Antec Signature Series S10 Full Tower EATX PC Case Review
Antec Signature Series S10 Full Tower E-ATX Case External Impressions
The primary external feature of the Signature Series S10 are the heavy, beautiful, 4mm thick aluminum side panels. There is no windowed side panel option, which is going to be a factor for many enthusiasts. Antec expects that users building into the Signature Series S10 are going to be making the case the focal point of their build. The tempered glass version of the Signature Series S10 is reflective and hard to see through, but will offer a better view of internal hardware.
The side panels are very thick, heavy and reinforced at the corners where they attach to the case to prevent long term damage or loss of shape. Since they are made of brushed aluminum, these panels will pick up dust and fingerprints very easily.
There are individual tabs that you push to open the case doors, with the word “Door” clearly labeled on them so you are aware of their function.
The tab on the bottom is similar to the door release tab and allows you to remove the filter for the primary chamber fans so that it can be cleaned on a regular basis.
The Antec logo is cleanly displayed on the lower portion of the front panel in silver lettering. In fact, the only thing on the front panel at all is the Antec logo. Our sample came with the lettering already peeling up and a quick wipe caused the stickers to lift even more. With the Signature Series S10 being a premium priced chassis, you’d think Antec would opt for a metal logo, like other manufacturers. They could have at least gone with a higher quality sticker. This just screams cheapness, which shouldn’t be happening on such an expensive case.
The top panel is very simplistic and features four nicely spaced out USB 3.0 ports, headphone and microphone ports, along with a very small power button. The power button has a very spongy feel to it and depresses quite a bit, allowing it to be caught under the case, which is something I wouldn’t expect out of a premium chassis in this price range. We like the way the top panel slopes down to give the case an aggressive look, almost similar to the hood of a race car.
While there is a 5.25″ inch drive bay cover on the top of the case, the area beneath the cover is very shallow and won’t accommodate much more than a short fan controller or card reader. Perhaps Antec will be selling modules later on to use in this bay or planned on using it for something and later scrapped the idea?
The top panel features vents from front to back and dimples where there are no vents to keep the look uniform. The front chamber draws air in through the top while the chamber that houses the motherboard uses the top vents as an exhaust. This design is simple enough, but there isn’t a top panel filter or any noise-blocking covers to keep dust from falling into the case, which is a letdown given the price point of the Signature Series S10. Rather than remove the top panel to work with fans or add a radiator, which is possible, you can simply remove the included fan bracket via thumbscrews, as the top fans are mounted similar to how the front fans are mounted.
The rear of the Signature Series S10 reminds us a lot of the Nineteen Hundred and shows us the impressive PCI-E expansion capabilities of the case. The 120MM fan vent is slightly pushed out to reduce noise and keep fingers safe. There are just two rubber grommets for watercooling and the back of the case is void of any GPU area ventilation, as we’ve seen on many other enthusiast chassis. These rubber grommets are properly fitted and don’t have any issues with falling out due to being too loose.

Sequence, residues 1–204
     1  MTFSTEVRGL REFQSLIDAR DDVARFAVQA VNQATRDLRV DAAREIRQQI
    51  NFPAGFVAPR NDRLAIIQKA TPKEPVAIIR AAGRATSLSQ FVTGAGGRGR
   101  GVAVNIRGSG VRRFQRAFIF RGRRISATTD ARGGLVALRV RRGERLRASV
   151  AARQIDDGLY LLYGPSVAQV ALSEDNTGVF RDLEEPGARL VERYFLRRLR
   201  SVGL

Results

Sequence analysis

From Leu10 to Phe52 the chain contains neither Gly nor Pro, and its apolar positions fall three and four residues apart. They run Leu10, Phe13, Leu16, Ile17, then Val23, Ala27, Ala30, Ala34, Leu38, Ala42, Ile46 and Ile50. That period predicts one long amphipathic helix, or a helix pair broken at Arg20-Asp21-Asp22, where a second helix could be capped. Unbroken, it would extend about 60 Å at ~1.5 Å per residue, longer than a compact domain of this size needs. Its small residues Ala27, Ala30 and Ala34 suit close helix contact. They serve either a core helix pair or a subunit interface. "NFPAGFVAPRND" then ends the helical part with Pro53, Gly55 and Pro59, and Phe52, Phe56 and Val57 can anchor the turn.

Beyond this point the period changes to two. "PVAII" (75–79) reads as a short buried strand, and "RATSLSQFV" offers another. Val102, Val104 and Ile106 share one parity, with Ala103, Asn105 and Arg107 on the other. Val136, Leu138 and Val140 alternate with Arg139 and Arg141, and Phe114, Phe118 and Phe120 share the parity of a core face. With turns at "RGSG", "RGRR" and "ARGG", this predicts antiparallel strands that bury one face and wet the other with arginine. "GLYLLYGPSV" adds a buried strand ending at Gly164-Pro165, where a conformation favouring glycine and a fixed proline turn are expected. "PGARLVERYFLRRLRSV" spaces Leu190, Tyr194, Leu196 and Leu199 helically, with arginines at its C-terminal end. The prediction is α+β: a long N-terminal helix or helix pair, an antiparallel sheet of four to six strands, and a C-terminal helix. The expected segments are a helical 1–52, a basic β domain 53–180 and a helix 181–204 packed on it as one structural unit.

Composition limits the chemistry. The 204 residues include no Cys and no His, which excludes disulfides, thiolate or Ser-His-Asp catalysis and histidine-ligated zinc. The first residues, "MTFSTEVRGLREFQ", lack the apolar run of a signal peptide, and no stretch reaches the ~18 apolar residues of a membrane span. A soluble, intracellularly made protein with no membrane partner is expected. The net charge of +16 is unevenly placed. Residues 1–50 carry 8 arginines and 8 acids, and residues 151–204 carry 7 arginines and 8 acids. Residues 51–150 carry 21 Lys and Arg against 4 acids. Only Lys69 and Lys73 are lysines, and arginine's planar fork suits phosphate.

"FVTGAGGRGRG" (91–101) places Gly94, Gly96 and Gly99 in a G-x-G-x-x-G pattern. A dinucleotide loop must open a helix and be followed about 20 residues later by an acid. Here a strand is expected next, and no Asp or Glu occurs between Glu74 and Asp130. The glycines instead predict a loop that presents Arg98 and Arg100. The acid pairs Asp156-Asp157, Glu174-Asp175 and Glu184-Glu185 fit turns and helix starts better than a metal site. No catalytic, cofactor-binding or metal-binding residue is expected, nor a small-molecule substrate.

The filter for the PSU is easily removable from the back of the chassis for cleaning. This filter is like the others and is an open mesh style that will let smaller particles through, so you would still want to take some compressed air to your PSU often to keep dust from building up.
The side panels are held on by brackets that are screwed into the rear of the case. The brackets appears to be well-built and strong, so they should hold up fine over time, though the plastic tabs holding the side panels onto the brackets are a cause for concern.
Why does such an expensive case have a huge plastic base with no rubberized feet? Cheap cases feature rubberized feet or even complete rubber strips on the bottom of the feet to aid in noise reduction, but Antec is just giving us huge plastic. The base has a unique shape, holds up well and keeps the case stable, but it definitely could be improved on to give the end user a better sense of quality. Since the case is so heavy, we didn’t have any issues with it sliding on glass desk surfaces.
The unique shape and style of the Signature Series S10 is bold and visually appealing, though I feel that the there is too much plastic here and that it takes away from the overall visual appeal, as well as build quality, of the case. The aluminum side panels are manufactured well and look great, though. The shape of the case is unique and flows nicely, with the sloping front giving the Signature Series S10 an aggressive, yet subdued look. I only wish that Antec had used more aluminum on the exterior, as excessive plastic on such a premium product is tacky. I understand that aluminum costs more than plastic, but this is a $370 case and other cases that cost a lot less are built with full aluminum construction. We also are concerned with the quality of some of the external components, such as the Antec logo sticker and plastic base. While the base arrived without damage, we have to wonder why such an expensive, heavy case, is being supported by plastic? Plus, the base has no rubberized feet, so vibration and noise will transfer more easily.